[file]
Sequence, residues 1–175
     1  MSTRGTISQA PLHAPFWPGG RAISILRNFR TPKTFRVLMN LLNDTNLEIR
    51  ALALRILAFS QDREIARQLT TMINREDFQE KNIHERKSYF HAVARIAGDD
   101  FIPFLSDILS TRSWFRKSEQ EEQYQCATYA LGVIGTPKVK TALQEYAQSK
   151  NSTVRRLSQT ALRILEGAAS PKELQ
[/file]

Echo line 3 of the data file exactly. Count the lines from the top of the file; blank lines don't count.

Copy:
    51  ALALRILAFS QDREIARQLT TMINREDFQE KNIHERKSYF HAVARIAGDD